A user account is added for the authentication credentials of the calling router that is accessed and validated by the answering router.
A demand-dial interface is configured at the answering router with the same name as the user account that is used by the calling router. This demand-dial interface is not used to dial out, therefore it does is not configured with the host name or IP address of the calling router or with valid user credentials.
With two-way initiated connections, either VPN router can be the calling router or answering router depending on who is initiating the connection. Both VPN routers must be configured to both initiate and accept a router-to-router VPN connection. You can use two-way initiated connections when the router-to-router VPN connection is not active 24 hours a day and traffic from either router is used to create an on-demand connection. Two-way initiated router-to-router VPN connections require the following:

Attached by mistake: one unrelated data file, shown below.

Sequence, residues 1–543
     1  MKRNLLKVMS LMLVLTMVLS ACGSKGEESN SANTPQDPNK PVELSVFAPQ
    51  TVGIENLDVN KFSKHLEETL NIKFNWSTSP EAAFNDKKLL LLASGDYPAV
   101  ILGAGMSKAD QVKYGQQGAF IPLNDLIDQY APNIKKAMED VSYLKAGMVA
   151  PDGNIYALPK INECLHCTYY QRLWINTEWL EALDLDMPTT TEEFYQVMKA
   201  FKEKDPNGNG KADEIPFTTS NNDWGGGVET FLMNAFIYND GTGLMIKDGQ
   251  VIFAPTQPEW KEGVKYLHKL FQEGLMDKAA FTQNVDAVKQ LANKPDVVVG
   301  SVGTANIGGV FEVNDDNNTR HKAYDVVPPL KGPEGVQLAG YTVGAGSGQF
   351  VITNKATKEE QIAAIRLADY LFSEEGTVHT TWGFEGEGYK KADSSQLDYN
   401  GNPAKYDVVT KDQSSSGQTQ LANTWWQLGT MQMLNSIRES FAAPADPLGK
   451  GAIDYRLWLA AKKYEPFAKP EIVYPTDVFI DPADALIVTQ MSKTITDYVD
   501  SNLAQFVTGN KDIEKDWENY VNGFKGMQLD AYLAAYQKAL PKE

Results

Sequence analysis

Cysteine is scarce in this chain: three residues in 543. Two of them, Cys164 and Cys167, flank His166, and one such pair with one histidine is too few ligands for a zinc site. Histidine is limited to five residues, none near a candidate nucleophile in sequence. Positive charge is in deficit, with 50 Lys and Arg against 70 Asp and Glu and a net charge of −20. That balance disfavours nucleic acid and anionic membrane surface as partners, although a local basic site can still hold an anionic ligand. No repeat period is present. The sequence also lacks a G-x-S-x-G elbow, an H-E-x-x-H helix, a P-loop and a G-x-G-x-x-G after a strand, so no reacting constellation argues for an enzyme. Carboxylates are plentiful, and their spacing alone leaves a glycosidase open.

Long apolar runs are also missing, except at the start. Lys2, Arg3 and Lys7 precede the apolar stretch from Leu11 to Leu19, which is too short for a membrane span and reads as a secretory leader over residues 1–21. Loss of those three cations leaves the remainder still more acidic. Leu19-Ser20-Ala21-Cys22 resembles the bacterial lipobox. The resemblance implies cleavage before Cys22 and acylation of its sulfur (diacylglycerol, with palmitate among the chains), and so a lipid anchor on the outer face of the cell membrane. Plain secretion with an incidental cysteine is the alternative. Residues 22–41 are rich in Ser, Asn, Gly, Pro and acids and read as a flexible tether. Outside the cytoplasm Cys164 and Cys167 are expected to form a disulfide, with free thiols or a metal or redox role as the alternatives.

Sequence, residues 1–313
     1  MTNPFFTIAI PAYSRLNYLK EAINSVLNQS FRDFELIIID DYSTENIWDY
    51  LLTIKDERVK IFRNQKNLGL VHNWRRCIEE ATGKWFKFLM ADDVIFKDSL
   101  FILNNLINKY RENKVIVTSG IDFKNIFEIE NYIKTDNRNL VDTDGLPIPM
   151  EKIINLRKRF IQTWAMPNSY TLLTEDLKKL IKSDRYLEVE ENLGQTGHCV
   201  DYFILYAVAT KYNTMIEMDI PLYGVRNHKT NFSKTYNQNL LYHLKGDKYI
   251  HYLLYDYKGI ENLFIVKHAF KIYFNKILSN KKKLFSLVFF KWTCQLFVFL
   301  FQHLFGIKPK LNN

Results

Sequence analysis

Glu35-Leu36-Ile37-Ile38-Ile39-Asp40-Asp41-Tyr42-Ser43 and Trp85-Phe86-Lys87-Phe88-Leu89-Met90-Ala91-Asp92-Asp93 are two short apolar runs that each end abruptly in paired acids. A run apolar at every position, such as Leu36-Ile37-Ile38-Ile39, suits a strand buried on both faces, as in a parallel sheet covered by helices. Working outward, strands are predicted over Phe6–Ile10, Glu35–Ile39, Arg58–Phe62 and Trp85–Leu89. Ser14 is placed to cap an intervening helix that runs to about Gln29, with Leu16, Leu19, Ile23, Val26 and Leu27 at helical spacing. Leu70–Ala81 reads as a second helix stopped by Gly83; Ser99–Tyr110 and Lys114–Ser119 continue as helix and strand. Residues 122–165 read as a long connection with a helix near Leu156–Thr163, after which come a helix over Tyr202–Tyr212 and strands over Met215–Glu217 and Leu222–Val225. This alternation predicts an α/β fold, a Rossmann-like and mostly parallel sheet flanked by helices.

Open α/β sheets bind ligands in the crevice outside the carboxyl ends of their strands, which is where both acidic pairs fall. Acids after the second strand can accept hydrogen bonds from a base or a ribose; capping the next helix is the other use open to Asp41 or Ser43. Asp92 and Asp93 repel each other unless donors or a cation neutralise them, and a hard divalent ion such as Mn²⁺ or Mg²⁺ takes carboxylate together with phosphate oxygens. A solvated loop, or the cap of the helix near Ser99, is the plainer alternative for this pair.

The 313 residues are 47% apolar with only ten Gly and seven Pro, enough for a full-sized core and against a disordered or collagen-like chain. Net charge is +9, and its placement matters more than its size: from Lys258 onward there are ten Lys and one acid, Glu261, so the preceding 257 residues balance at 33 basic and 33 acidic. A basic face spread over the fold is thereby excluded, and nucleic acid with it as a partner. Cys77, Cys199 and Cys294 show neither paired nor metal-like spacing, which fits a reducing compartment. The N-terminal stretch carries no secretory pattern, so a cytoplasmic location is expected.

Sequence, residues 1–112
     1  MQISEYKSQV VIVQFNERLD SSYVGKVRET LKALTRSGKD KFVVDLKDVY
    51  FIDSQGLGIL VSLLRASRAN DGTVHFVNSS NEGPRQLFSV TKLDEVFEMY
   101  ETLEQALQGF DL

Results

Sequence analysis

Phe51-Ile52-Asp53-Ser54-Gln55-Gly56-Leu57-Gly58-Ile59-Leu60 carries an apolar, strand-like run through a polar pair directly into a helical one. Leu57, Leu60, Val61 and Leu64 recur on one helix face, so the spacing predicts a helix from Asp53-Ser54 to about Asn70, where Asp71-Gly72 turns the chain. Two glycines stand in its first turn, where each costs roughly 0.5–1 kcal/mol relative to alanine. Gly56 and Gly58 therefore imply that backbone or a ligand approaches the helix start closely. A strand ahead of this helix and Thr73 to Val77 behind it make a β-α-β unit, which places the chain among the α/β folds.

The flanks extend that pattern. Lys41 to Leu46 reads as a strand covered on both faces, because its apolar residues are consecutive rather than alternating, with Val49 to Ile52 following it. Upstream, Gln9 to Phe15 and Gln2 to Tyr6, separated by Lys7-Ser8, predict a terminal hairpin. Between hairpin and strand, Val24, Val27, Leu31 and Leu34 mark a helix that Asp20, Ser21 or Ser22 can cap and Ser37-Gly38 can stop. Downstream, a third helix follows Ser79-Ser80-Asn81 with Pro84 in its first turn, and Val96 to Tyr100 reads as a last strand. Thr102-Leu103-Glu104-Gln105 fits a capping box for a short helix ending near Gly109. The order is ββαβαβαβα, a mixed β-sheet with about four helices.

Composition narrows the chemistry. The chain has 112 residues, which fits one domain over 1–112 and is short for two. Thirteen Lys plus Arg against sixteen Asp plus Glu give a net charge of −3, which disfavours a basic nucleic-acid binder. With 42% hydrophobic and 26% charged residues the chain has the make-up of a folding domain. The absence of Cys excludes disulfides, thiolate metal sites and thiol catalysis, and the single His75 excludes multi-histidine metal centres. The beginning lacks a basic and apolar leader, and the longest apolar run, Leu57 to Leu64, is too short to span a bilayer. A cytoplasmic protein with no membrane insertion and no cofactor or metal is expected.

Both routers are connected to the Internet by using a permanent WAN link.
Both routers are configured as LAN and demand-dial routers.
User accounts are added for both routers so that the authentication credentials for the calling router are accessed and validated by the answering router.
Demand-dial interfaces, with the same name as the user account that is used by the calling router, must be fully configured at both routers, including settings for the host name or IP address of the answering router and user account credentials.
Table 2 lists a correct example configuration for two-way initiated demand-dial routing between Router 1, a demand-dial router in the Seattle site, and Router 2, a demand-dial router in the New York site.
Table 2 Correct example configuration for two-way initiated demand-dial routing
Demand-dial interface name
User account name in user credentials
Notice how the user account name in the user credentials of the demand-dial interface of one router matches the name of a demand-dial interface on the other router.